SATURDAY, SEPTEMBER 8, 2012, By Kevin Patterson
Beer is booming! But if you are reading this post, then that’s no surprise to you. With near fifteen percent growth for each of the last two years, many don’t know that the craft beer industry is one of the brightest sectors in a flimsy economy. Even in the sleepy Bluegrass Region of Kentucky, the sudsy trends are beginning to take hold. With two new breweries opening in the past year and two more slated for the upcoming months, Lexingtonian’s thirst for beer is emerging with force.
The collective patience that Central Kentucky portrays has impelled the beer scene. We who live here kid that we are always twenty years behind. What’s really happening is that we aren’t as swayed by rash trends or as adventurous as a culture as many in more progressive and daring cities. (Hell, we never even took sides during the Civil War.) This notion may explain why craft beer has been slow to evolve here, leaving our beer enthusiasts to revert to long travels, on-line trading or sales, or worse — buying the industrial domestic products are marketed on race cars and billboards.
The mid-1990s saw the microbrewery trend catch fire with excitement, until they folded for similar reasons. The Oldenburg Taproom (Kentucky Brewing Company) and the Lexington City Brewery rose quickly and fell even quicker, mainly due to the large financial undertaking of the beers and facilities that their infant fan base could not support.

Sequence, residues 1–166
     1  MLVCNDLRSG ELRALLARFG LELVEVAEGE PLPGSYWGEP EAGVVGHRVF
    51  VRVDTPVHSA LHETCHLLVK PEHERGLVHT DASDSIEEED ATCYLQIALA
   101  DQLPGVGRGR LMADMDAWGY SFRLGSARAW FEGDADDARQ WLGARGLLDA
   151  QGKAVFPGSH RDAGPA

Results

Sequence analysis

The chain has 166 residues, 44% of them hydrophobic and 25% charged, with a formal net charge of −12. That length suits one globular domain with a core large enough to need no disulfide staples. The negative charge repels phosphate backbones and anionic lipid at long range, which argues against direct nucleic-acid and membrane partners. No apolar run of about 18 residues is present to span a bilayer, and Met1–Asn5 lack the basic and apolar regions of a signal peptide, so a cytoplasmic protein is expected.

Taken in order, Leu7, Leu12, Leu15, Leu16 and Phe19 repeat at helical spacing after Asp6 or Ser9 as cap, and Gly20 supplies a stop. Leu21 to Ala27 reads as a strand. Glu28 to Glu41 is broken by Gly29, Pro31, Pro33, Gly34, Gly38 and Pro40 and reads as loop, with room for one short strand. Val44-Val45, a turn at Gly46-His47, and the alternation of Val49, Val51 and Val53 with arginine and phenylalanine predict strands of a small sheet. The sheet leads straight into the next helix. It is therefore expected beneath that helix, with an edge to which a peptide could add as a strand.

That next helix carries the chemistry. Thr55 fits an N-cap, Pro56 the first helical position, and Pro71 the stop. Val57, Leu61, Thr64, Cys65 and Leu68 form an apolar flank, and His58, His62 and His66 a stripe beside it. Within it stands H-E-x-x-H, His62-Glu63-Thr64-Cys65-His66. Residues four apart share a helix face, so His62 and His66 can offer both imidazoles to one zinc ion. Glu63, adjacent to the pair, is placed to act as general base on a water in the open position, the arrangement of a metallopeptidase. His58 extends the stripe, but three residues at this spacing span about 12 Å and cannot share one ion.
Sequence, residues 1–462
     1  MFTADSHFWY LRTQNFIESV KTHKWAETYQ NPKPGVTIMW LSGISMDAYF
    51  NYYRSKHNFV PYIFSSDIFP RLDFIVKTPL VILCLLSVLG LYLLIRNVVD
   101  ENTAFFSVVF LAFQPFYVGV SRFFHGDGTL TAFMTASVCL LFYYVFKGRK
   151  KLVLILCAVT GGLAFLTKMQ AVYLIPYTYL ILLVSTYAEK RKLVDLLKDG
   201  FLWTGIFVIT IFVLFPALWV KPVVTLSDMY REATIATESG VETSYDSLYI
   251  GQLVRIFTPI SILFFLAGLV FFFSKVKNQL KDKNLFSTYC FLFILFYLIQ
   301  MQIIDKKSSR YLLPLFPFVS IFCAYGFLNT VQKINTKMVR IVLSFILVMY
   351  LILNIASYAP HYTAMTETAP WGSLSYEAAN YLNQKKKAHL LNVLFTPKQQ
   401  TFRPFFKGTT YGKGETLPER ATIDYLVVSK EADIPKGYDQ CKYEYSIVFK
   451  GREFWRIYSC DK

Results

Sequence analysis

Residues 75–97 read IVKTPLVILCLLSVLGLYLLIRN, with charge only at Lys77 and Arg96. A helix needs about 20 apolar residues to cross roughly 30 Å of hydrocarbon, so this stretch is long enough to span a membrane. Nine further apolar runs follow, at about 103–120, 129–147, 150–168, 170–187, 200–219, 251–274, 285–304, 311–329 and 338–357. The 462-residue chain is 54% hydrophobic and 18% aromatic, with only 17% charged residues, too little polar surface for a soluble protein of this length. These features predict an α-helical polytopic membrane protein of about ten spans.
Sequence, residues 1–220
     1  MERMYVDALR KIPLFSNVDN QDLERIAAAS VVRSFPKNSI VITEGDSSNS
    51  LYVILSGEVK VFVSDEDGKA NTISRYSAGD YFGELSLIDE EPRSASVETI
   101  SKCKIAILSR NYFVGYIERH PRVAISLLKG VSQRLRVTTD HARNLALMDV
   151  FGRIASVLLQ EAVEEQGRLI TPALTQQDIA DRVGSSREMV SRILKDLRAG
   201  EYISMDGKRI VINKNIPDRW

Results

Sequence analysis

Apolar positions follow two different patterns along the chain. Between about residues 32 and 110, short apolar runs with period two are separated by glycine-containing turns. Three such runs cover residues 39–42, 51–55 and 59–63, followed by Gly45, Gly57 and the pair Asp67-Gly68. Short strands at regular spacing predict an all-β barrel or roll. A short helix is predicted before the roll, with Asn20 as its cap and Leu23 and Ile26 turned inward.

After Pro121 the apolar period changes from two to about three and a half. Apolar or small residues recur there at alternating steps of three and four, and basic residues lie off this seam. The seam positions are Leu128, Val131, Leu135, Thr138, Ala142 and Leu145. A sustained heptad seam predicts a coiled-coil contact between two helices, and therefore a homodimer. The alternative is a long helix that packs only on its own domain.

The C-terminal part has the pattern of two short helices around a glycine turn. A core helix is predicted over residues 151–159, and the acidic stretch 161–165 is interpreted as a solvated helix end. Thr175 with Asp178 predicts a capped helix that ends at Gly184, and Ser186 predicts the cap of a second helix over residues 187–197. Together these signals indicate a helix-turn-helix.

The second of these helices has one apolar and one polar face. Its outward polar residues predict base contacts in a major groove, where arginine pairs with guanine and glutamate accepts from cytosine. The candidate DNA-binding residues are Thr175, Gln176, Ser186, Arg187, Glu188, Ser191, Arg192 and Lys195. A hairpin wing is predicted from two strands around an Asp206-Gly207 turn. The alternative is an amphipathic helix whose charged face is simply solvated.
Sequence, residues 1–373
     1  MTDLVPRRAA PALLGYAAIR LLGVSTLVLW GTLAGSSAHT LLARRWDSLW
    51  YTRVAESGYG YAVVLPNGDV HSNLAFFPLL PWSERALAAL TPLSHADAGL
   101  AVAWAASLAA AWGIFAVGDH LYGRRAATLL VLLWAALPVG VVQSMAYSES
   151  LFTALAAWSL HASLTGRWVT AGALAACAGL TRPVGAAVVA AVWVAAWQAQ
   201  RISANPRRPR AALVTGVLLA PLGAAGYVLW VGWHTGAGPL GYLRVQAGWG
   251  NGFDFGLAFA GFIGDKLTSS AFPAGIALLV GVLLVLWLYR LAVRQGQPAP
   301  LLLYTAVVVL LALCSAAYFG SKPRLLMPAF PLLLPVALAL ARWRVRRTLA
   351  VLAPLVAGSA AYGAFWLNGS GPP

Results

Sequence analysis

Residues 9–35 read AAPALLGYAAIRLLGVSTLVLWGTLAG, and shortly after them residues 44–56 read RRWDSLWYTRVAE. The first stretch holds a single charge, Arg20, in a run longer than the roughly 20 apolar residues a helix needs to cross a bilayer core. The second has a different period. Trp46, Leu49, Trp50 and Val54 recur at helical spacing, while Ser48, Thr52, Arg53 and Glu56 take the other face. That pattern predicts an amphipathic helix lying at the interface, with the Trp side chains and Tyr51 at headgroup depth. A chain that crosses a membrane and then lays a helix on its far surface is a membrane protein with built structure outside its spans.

As the memories of those companies faded, many drinkers resumed their bourbon, wine, and cocktail trends. (It seems that the memory of those beers now is certainly greater than the support they got when they were open. The longer those breweries remain closed, the better their beers get!) What we didn’t know then is that eight out of every ten microbreweries were failing across the country — not because the beer drinking populous was digressing, but because they were getting smarter. No longer were we supporting poorly constructed microbrews and their money-grubbing cheap ale producers. We started to understand the differences between a watery hefeweizen and a high quality Franziskaner. We turned from grassy IPAs in favor of Goose Island IPA, and similar examples span the 100 or so styles of beer that were available elsewhere.
When the Kentucky Brewing Company and Lexington City Brewery closed, it provided a void of local options. But that same void made Lexington attractive to the quality breweries who remained in the local market — Goose Island Brewery, Sierra Nevada Brewing Company, Stone Brewing Company, Dogfish Head Brewery, and later Three Floyds Brewing Company and Founders Brewing Company. With free reign on a community of a highly educated, half-million population of largely young professionals with a thirst for beer, these breweries enjoyed great success. The bourbon-insired “loose” alcohol laws, no alcohol cap, and easy access along I-64/I-75 all made it easy for breweries to get their libations to Bluegrass connoisseurs.
Craft Beer Grows at the Pub Scene
Although the defunct local breweries bit off more than they could chew, a few bright spots for beer remained. Quality beer bars like Marikka’s Bierstube and Pazzo’s Pizza Pubbecame the conduit for getting the flavors to customers with dedication to the craft beer market and a pleasant atmosphere. In that ten-year span, a few existing pubs began adding quality bottles and taps to their portfolio while theChase Taproom and a few chains like BHG’s The Pub andOld Chicago sprout up periodically. Still, the region had not dedicated itself to the building beer culture that was on full display in similar-sized towns like Eugene, OR, Boulder, CO, or Asheville, NC.